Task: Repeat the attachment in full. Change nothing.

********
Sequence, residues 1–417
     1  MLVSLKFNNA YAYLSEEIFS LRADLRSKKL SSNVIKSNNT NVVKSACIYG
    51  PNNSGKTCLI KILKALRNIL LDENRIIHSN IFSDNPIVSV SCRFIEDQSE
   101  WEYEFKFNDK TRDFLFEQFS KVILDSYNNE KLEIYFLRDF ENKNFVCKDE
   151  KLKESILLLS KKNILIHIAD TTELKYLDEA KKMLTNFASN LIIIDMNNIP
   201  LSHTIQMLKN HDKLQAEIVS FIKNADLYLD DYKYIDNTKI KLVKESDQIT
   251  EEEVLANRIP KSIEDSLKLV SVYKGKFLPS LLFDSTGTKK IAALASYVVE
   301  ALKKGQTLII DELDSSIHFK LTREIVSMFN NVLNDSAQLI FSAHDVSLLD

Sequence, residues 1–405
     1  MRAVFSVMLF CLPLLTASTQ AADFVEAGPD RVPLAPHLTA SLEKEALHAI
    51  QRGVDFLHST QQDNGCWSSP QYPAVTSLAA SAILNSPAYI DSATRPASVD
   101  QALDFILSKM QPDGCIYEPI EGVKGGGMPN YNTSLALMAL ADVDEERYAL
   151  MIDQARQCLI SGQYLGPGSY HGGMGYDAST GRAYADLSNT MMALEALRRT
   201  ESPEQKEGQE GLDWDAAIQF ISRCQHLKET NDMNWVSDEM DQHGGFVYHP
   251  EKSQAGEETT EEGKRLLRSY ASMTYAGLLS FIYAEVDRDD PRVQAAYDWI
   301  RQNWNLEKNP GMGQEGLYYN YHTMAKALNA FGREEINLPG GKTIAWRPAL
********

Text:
Sequence, residues 1–417
     1  MLVSLKFNNA YAYLSEEIFS LRADLRSKKL SSNVIKSNNT NVVKSACIYG
    51  PNNSGKTCLI KILKALRNIL LDENRIIHSN IFSDNPIVSV SCRFIEDQSE
   101  WEYEFKFNDK TRDFLFEQFS KVILDSYNNE KLEIYFLRDF ENKNFVCKDE
   151  KLKESILLLS KKNILIHIAD TTELKYLDEA KKMLTNFASN LIIIDMNNIP
   201  LSHTIQMLKN HDKLQAEIVS FIKNADLYLD DYKYIDNTKI KLVKESDQIT
   251  EEEVLANRIP KSIEDSLKLV SVYKGKFLPS LLFDSTGTKK IAALASYVVE
   301  ALKKGQTLII DELDSSIHFK LTREIVSMFN NVLNDSAQLI FSAHDVSLLD

Sequence, residues 1–405
     1  MRAVFSVMLF CLPLLTASTQ AADFVEAGPD RVPLAPHLTA SLEKEALHAI
    51  QRGVDFLHST QQDNGCWSSP QYPAVTSLAA SAILNSPAYI DSATRPASVD
   101  QALDFILSKM QPDGCIYEPI EGVKGGGMPN YNTSLALMAL ADVDEERYAL
   151  MIDQARQCLI SGQYLGPGSY HGGMGYDAST GRAYADLSNT MMALEALRRT
   201  ESPEQKEGQE GLDWDAAIQF ISRCQHLKET NDMNWVSDEM DQHGGFVYHP
   251  EKSQAGEETT EEGKRLLRSY ASMTYAGLLS FIYAEVDRDD PRVQAAYDWI
   301  RQNWNLEKNP GMGQEGLYYN YHTMAKALNA FGREEINLPG GKTIAWRPAL